The Indian government has begun laying the groundwork to replace its dated Information Technology Act, 2000 with a new Digital India Act. On Thursday, Minister of State for Electronics and Information Technology (Meity) Rajeev Chandrasekhar held the first-ever public consultation on the new rules.
Chandrasekhar shared a detailed presentation at a summit in Bengaluru, where he highlighted the challenges that the two decades-old laws have not been able to address even as the internet ecosystem in the country has radically evolved. For perspective, India had 5.5 million internet users in 2000, and now it is home to 850 million.
The internet in the last two decades has evolved to host multiple types of intermediaries: ecommerce, digital media, social networking, over-the-top, gaming, and more. While cybercrime existed back then too, internet users currently face more security challenges like cyber stalking, phishing, trolling, and lots more. The minister in the presentation also takes reconnaissance of the proliferation of hate speech, disinformation, and fake news.
“The new law should evolve through rules that can be updated, and address the tenets of Digital India,” the presentation said while citing “open internet,” “online safety and trust,” “accountability and quality of service,” “adjudicatory mechanism,” and “new technologies” as primary focus areas.
On online safety and trust, it stresses the need for “age-gating” by regulating addictive tech and protecting minor’s data, safety and privacy of children on social networking platforms, gaming, and betting apps, mandatory “do not track” requirement to avoid children as data subjects for ad targeting, among others.
It also points out the need for digital user rights such as the right to be forgotten and the right to secure electronic means. Another highlight is the need to critically examine and regulate “discretionary moderation of fake news by social media platforms.”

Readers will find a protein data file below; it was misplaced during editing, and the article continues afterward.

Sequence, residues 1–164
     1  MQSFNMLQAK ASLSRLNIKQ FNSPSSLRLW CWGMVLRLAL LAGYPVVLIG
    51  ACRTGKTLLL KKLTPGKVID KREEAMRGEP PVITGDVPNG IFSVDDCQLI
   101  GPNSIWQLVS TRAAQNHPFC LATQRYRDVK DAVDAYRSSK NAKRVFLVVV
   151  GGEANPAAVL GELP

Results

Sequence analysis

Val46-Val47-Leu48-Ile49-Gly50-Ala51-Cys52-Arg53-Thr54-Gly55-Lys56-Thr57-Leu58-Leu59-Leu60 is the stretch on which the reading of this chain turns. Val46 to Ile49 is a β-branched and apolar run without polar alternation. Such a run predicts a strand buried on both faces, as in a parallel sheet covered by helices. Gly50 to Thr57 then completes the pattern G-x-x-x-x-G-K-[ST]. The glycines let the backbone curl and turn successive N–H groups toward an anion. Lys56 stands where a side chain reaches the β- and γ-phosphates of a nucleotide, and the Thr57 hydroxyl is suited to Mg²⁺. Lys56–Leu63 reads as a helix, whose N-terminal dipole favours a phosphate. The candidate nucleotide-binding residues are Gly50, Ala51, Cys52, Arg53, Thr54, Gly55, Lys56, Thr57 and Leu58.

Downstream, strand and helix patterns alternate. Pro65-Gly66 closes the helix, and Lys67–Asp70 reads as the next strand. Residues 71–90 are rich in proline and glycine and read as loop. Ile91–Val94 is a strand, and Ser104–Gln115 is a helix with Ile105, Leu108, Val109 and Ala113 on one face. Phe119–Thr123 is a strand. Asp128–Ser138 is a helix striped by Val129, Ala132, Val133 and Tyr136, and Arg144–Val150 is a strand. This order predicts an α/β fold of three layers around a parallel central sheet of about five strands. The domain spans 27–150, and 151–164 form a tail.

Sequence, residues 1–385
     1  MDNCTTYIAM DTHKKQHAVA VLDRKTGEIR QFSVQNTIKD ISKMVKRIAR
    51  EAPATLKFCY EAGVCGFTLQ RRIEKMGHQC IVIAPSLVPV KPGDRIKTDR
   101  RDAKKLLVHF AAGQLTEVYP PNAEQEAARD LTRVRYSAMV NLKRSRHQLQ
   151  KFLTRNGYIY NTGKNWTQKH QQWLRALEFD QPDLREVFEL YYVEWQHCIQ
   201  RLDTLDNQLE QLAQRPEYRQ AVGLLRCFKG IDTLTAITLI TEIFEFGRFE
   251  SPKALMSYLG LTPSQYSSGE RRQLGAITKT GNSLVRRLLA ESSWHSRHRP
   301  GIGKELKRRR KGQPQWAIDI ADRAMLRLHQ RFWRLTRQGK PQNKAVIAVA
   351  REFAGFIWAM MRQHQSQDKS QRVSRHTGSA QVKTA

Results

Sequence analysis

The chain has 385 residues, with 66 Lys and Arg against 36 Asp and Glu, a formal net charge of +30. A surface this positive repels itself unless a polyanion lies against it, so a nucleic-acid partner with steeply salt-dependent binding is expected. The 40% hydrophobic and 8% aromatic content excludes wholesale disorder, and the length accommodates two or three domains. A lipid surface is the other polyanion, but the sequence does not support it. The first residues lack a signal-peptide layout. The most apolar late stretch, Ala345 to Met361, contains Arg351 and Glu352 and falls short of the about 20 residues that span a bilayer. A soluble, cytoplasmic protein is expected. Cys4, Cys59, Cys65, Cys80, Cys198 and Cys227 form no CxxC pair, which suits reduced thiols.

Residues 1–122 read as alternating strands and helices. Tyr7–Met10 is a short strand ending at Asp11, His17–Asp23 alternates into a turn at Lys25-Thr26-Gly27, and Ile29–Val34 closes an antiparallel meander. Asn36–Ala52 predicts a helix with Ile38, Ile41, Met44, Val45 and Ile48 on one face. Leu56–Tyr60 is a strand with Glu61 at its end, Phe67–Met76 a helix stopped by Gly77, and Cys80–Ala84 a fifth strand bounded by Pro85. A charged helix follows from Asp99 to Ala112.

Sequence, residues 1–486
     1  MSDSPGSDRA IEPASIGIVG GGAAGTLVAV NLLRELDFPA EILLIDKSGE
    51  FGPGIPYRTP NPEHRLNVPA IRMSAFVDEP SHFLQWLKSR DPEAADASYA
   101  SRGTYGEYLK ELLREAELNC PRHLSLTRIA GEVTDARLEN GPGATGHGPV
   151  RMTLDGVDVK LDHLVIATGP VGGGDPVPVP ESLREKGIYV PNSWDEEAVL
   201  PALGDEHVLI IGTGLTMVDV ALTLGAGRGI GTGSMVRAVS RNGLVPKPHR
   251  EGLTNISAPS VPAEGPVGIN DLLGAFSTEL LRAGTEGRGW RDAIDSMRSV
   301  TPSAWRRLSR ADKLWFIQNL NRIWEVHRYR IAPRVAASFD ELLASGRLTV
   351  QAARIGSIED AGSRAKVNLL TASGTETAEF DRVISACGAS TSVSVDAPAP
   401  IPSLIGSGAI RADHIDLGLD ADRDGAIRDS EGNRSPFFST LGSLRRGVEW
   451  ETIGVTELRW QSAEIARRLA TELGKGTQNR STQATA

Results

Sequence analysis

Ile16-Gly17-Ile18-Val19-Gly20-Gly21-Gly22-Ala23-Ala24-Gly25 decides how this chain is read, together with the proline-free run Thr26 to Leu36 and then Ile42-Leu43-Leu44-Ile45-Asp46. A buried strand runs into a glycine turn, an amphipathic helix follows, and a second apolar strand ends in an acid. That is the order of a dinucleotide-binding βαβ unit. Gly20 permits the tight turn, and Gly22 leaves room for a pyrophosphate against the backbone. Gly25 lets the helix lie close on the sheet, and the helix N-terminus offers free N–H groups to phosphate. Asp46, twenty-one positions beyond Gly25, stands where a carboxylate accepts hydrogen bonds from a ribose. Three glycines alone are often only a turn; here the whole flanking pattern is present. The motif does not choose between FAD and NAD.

The intermediary challenge
The presentation also delved into the so-called “safe harbour” to intermediaries.
In the past, India has found itself at loggerheads with Twitter over non-compliance with social media rules, which at one point led to the social networking company losing safe harbour protection. This meant Twitter could be held accountable for the content posted by users in India.
Since then, the government has worked to expand the definition of intermediaries: it has used the terminology for the gaming sector as well.
The minister in the presentation called for separate rules for each class of intermediaries, which it identifies as ecommerce, digital media, search engines, gaming, and AI, among others.
“Should there be ‘safe harbour’ at all for intermediaries?” the presentation posed the question.
The presentation also called for an urgent need for a “specialized and dedicated adjudicatory mechanism” for online civil and criminal offenses. The mechanism should be easily accessible, deliver timely remedies to citizens, resolve cyber disputes, develop a unified cyber jurisprudence, and enforce the rule of law online, according to the upcoming Digital India Act.
When to expect the new law?
Now that the government has already held the first consultation, two more rounds of consultations are scheduled before a draft bill is published, according to MoneyControl.
A draft of the bill is expected to be ready by the end of this month followed by another two to three months period for the public to send their feedback. After this, a final version of the bill will be released.